Math Monday students continue to monitor the garden and harvest the results.
   - Chris Dodge is the principal of
Berlin Elementary School.


Pub 11/4/12 Times Argus by Phyllis Arata-Meyers
"No one can do everything, but everybody can do something." - Change the World Kids
   A group of determined teenagers is planning to provide locally-grown produce year-round at the Woodstock Community Food Shelf. The teen members of Change the World Kids, a Vermont nonprofit, have been growing and donating more than 100 pounds of fresh produce to the food shelf each week during the growing season. Now that they have constructed a new root cellar, they are poised to offer locally-grown produce in all seasons.
   According to the Vermont Foodbank, statewide demand for charitable food has increased every year since 2007. The Foodbank’s Judy Stermer says, “Since Irene, our network of 280 food shelves, meal sites, senior centers and after-school programs are reporting a 15 to 20 percent increase in demand for charitable food.”
   Federal commodities provided to food banks around the country are down about 50 percent this year. Stermer notes, “We have had to get creative around securing other sources of food, and one of those sources is farm-fresh produce — both from
Vermont growers and others. More than 1 million pounds of our donated produce consists of fresh fruits and vegetables. And we are hearing more from our agencies that they want this type of product, because that is what they are hearing from their customers.”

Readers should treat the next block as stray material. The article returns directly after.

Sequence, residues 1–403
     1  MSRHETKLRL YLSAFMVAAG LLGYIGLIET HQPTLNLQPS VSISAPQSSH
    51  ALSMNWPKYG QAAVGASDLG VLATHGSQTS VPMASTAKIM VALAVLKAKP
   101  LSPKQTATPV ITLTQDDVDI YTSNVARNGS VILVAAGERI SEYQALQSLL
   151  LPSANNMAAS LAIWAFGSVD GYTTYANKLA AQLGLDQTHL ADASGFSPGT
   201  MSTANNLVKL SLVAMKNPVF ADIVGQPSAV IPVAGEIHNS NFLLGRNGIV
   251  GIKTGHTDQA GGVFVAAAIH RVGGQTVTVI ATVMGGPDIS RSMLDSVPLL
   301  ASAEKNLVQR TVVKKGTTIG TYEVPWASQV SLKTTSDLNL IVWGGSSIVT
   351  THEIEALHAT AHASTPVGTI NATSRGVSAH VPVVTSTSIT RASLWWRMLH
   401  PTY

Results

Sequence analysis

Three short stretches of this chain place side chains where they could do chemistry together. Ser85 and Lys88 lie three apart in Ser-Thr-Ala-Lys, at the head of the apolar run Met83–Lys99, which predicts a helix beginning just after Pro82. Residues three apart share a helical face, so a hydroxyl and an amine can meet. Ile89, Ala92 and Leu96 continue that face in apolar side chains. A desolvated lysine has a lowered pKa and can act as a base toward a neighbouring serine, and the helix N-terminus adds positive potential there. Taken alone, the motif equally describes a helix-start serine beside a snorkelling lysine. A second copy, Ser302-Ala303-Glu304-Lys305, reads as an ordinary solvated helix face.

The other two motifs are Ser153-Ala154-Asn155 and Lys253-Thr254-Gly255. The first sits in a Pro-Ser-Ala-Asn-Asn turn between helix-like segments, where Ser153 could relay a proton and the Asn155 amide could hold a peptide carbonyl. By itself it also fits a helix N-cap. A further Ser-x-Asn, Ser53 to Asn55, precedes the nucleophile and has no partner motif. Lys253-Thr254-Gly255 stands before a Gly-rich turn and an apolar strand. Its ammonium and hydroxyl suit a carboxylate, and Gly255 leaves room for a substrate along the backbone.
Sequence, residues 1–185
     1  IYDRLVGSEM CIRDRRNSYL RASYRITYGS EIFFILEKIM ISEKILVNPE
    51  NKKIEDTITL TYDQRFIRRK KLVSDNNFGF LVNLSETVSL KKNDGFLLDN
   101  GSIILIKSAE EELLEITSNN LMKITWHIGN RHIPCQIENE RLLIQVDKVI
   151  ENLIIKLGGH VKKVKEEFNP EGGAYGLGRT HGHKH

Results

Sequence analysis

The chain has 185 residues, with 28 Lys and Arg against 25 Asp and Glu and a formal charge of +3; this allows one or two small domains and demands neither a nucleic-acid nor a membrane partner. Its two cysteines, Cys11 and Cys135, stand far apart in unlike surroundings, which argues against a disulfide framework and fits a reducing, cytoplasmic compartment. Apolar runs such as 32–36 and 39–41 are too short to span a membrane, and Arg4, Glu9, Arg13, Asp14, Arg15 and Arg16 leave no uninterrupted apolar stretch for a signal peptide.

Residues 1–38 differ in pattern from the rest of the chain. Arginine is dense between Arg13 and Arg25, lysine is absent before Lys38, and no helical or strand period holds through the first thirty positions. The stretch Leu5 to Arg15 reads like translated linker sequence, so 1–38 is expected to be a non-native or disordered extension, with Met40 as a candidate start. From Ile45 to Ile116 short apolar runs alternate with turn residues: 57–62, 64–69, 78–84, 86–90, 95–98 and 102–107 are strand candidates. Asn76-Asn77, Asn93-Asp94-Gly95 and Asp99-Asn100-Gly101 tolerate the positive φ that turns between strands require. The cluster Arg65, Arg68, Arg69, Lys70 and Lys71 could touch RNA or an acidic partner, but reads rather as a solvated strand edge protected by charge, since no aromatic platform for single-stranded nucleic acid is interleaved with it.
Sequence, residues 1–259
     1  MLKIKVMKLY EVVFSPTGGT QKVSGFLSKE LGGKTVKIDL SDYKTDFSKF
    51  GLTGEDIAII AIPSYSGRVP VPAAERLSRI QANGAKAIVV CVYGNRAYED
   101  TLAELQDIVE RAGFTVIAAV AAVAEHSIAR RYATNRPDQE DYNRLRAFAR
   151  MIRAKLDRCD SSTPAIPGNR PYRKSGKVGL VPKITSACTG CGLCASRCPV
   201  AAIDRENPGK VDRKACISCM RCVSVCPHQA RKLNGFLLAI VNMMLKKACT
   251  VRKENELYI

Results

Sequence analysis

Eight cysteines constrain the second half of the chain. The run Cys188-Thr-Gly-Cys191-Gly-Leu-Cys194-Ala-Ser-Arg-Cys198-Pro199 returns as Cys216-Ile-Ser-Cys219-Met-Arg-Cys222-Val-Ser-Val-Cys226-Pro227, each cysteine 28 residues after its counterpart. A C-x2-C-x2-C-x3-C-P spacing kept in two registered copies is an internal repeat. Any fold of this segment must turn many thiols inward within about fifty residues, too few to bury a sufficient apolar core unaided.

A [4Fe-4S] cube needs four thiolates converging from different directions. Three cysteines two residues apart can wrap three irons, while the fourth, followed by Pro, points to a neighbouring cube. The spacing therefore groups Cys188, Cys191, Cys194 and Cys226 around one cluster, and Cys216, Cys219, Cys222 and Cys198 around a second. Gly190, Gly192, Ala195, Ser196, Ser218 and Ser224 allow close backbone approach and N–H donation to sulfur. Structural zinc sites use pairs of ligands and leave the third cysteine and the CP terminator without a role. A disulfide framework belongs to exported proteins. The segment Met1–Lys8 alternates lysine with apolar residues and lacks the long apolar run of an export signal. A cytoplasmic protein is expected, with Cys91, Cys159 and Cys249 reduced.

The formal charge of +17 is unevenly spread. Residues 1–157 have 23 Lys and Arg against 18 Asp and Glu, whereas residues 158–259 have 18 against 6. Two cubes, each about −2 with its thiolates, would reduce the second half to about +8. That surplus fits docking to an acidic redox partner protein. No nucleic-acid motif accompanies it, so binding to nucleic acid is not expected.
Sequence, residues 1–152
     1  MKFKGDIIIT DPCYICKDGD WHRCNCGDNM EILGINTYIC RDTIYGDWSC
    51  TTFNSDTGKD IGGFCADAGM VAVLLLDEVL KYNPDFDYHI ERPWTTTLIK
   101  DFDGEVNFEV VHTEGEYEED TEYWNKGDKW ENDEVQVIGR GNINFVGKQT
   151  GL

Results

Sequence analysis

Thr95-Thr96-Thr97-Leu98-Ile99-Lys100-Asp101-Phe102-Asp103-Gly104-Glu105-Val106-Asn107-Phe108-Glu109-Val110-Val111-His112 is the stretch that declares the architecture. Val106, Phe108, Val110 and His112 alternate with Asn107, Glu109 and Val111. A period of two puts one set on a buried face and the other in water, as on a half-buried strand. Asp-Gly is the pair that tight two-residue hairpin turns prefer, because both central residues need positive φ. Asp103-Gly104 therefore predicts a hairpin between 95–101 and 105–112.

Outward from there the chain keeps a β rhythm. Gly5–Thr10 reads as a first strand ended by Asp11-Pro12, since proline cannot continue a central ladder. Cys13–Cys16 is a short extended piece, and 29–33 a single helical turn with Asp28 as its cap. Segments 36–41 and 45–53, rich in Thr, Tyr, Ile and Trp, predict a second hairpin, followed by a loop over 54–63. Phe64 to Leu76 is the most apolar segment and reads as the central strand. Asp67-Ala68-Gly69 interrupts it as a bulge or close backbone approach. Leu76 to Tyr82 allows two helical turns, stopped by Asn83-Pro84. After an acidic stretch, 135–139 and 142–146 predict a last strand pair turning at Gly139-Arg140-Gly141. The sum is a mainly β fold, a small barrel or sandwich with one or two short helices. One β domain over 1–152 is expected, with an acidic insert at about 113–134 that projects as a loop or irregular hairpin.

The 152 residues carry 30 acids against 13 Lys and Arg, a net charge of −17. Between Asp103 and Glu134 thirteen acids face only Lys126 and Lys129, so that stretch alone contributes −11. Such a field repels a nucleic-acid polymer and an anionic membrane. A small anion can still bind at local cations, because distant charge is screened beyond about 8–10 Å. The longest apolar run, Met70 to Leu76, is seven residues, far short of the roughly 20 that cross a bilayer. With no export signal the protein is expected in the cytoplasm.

Two years ago during a weekly delivery to the Woodstock Community Food Shelf, one of the teenagers asked what produce was available during the winter. The answer was little — or none.
   “We were dismayed that so many families did not have access to nutritious, locally grown produce during the winter months,” says Anna Ramsey, project co-chair. “The kids set out to find a long-term solution with the challenge to provide the produce without using nonrenewable energy and precious funds on a fancy cooling system.”
   After researching online and consulting local farmers, the teens realized that an old-fashioned root cellar was the best option for keeping produce at a constant humidity and temperature throughout the winter, one that required nothing more than the insulation of earth.